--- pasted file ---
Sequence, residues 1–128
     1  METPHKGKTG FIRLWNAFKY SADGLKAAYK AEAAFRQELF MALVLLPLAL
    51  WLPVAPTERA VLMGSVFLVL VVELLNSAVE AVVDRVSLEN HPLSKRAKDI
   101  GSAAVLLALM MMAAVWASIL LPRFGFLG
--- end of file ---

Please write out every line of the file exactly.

Sequence, residues 1–128
     1  METPHKGKTG FIRLWNAFKY SADGLKAAYK AEAAFRQELF MALVLLPLAL
    51  WLPVAPTERA VLMGSVFLVL VVELLNSAVE AVVDRVSLEN HPLSKRAKDI
   101  GSAAVLLALM MMAAVWASIL LPRFGFLG